The 24/7 news cycle, chants of “fake news,” and the spread of disinformation on social media had writer Judi Ketteler worried about the state of honesty in the world. Did it matter anymore? Then, came an interaction with a doctor she was interviewing for a project. He stated that his hospital did more of a particular procedure than any other in the region.
Ketteler pushed for quantification. Were there any studies or objective sources to back up that claim? “He hemmed and hawed a bit, and finally, he’s like, ‘Listen, if Donald Trump can get up there and say whatever he wants, we can say that we have the highest volume of ablation in the region,'” Ketteler recalls.
That exchange set Ketteler off on an exploration of honesty that she captures in her new book, Would I Lie To You? The Amazing Power of Being Honest in a World that Lies. In it, Ketteler shares some important insights about honestly, as well as distinctions between being honest and sharing the unvarnished truth under any circumstances, regardless of the consequences.
While honesty is a highly valued trait in leaders, it’s usually not just one set of facts delivered without regard for the context or consequences, Ketteler says. In fact, that approach can backfire. “I have friends that I rely on to be brutally honest with me and vice versa. And it works, right? But most of the time in the workplace, I’m going to guess that that’s not a very good approach,” she says.
Being aware of the situation, timing, and individual can help you decide the ground rules for your honest evaluation and feedback. Here are some things that you should think about before you give “brutally honest” feedback in the workplace.
Time the response well
Let’s say an employee just gave a big presentation to the group and didn’t exactly nail it. You may have negative criticism to relay. However, now you have a decision to make: Is it best to share it immediately in front of the group or wait and share the feedback in private?
If you have a culture where sharing honest feedback in front of a room full of people is expected and encouraged, engaging in constructive criticism of the presentation may be the best way to be honest. However, if the individual is going to be humiliated after being criticized in front of a room full of peers or colleagues, you may ultimately undermine your relationship with them.
“We get very impatient with our honesty sometimes, instead of realizing there’s more than one chance and there can be a better way to facilitate something that isn’t going to demoralize,” Ketteler says.
Know your audience
Different people respond well to different types of feedback. A good manager communicates with team members to understand how they like to receive feedback and what helps them best. Some may prefer a short, just-the-facts evaluation while others may want to have longer conversations that include advice about how to improve. Both are honest, but delivering in the way that is most helpful for the employee is going to build a stronger relationship—and, likely, a more skilled employee.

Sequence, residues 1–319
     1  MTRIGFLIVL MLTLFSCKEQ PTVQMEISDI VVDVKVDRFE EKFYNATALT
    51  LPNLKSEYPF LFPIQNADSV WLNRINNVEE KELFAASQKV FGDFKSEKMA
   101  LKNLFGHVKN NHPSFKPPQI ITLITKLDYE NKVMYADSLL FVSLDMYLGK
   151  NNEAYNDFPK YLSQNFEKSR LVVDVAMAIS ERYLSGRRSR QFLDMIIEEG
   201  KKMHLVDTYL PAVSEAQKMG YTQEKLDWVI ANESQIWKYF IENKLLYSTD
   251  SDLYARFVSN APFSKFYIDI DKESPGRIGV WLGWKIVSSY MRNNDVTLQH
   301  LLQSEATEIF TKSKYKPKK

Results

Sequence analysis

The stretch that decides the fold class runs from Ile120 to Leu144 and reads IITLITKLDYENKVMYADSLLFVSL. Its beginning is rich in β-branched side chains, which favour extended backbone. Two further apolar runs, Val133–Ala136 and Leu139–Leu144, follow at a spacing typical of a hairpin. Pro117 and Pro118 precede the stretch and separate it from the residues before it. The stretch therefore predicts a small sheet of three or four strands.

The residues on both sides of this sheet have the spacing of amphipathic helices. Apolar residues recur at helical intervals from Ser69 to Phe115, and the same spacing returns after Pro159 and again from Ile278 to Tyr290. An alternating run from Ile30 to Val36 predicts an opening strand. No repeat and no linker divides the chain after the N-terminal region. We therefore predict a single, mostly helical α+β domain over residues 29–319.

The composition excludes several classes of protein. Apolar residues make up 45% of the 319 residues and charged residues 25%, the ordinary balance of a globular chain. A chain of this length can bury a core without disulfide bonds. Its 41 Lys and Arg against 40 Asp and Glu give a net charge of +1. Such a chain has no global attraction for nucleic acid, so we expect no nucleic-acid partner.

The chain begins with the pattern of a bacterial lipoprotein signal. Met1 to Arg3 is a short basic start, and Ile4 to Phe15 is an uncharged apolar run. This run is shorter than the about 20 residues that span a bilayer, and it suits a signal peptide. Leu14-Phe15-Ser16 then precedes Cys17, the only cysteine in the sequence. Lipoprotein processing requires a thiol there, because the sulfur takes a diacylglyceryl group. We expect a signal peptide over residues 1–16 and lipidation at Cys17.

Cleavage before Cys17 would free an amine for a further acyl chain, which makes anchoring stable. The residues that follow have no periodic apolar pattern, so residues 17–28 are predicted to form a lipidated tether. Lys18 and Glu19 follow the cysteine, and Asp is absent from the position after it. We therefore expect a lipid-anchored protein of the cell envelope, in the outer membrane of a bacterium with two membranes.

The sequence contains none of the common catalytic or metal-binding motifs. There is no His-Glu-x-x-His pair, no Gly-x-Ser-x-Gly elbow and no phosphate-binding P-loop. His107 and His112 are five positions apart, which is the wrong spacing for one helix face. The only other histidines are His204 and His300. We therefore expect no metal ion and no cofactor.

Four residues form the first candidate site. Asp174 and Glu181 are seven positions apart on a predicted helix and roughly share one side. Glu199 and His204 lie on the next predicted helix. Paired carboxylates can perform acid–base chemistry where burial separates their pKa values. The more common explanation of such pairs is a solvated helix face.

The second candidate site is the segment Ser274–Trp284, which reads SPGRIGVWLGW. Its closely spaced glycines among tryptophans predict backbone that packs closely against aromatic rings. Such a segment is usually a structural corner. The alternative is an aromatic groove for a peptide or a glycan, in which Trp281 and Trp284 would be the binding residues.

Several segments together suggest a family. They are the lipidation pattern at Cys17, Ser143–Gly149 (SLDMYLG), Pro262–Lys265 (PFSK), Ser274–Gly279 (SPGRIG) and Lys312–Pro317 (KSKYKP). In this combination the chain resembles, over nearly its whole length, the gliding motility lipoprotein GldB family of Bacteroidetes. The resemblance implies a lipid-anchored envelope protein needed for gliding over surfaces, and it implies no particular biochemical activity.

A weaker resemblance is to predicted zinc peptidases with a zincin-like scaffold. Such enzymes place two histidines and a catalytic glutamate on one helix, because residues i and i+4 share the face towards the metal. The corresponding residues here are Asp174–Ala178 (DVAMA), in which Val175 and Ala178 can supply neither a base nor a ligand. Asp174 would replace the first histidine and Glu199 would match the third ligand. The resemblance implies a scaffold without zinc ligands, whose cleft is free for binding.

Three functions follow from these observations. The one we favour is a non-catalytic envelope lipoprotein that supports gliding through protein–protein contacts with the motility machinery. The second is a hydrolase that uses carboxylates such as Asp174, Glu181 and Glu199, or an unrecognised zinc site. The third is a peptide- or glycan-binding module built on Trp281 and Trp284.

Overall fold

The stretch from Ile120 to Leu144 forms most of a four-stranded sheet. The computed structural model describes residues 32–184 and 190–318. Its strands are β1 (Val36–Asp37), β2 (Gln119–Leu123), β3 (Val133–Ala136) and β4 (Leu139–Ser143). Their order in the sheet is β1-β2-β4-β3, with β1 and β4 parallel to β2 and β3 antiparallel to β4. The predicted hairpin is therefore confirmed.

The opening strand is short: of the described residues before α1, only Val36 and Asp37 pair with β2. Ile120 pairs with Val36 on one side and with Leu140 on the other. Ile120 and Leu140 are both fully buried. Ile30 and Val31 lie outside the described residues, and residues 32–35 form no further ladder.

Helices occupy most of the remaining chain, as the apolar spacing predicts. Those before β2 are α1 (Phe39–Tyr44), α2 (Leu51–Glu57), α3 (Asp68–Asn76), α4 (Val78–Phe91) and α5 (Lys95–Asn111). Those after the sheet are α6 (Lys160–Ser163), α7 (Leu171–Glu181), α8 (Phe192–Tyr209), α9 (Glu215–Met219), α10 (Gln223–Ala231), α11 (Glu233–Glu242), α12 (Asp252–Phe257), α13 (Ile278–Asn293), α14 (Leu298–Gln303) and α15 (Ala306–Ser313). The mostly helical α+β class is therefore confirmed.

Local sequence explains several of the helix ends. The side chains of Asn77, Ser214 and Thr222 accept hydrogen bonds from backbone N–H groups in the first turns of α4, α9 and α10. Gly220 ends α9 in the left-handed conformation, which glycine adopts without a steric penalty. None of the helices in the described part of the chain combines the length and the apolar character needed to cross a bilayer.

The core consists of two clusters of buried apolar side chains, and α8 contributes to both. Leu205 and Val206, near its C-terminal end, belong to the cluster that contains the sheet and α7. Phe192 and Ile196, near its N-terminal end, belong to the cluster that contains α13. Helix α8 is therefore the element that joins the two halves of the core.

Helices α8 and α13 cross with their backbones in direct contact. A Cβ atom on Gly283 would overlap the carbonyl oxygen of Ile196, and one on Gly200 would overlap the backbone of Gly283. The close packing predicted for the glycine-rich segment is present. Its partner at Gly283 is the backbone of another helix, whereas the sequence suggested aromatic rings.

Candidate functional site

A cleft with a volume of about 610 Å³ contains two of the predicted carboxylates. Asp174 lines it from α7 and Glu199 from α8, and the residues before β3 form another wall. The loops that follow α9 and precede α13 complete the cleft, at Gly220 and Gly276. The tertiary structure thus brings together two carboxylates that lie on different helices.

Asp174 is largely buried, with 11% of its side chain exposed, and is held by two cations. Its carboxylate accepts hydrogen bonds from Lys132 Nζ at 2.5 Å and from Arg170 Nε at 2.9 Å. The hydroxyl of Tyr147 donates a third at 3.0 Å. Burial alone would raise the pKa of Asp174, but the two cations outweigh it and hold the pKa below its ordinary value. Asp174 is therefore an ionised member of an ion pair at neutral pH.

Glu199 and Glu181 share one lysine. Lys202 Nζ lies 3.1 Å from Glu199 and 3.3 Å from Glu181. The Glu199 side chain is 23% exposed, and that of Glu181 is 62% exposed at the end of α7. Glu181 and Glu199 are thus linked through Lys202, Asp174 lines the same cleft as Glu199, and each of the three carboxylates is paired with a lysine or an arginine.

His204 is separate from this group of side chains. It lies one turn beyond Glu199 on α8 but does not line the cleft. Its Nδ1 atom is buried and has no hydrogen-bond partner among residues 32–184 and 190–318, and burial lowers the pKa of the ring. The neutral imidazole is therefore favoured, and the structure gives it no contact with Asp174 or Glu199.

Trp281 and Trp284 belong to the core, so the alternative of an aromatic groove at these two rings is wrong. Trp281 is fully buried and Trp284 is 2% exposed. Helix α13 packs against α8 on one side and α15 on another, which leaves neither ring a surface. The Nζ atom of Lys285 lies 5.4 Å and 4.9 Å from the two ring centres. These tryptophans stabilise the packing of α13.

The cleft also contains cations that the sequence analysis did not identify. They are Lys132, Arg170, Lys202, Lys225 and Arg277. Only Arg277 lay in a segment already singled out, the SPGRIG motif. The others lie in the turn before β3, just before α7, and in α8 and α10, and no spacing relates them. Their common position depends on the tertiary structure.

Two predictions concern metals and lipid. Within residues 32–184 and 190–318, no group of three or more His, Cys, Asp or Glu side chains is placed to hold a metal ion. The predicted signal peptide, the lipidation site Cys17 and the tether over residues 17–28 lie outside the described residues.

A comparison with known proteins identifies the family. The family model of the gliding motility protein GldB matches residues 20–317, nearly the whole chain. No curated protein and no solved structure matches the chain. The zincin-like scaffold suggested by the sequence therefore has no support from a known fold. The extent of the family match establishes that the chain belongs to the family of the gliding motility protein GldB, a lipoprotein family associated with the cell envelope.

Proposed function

“What happens in the workplace a lot of times is that people don’t really communicate very well with each other about what they need from each other,” she says. Understanding how to frame your feedback is important, too.
Be compassionate—to a Point
Ketteler says that kindness and compassion can help take the sting out of criticism or negative exchanges. However, you also need to be mindful that being kind or preserving the other person’s feelings doesn’t get in the way of delivering the information the other person needs to hear.
In one study she cites in her book, groups of people evaluated poorly written essays. Some were told a sad story about the writer’s background. Those who felt compassion for the writer tended to inflate the quality of the essay. While that may have made them feel like they were protecting the writer from being hurt over negative criticism, the result was that the writer didn’t get the feedback necessary to make the essay better and improve their skills overall.
“You don’t want to be honest because you don’t want to cause any more harm, but really withholding something that would be helpful for them to know is doing them more harm,” she says.
Consider the outcome you want
Sharing negative or hurtful feedback when there’s a reason to do so is one thing. But, before you do, consider the outcome you’re trying to achieve. Will it help the person become better at the job? Or does it not really matter?
As Shelley Osborne wrote in Fast Company in April 2019, “feedback focused solely on shortcomings isn’t effective. But I don’t think that the problem is feedback itself, but the way that managers frame and deliver it.”
Think about whether your employee will truly benefit from knowing everything they did wrong, Ketteler says. “That winds up demoralizing people far more than it helps,” she says.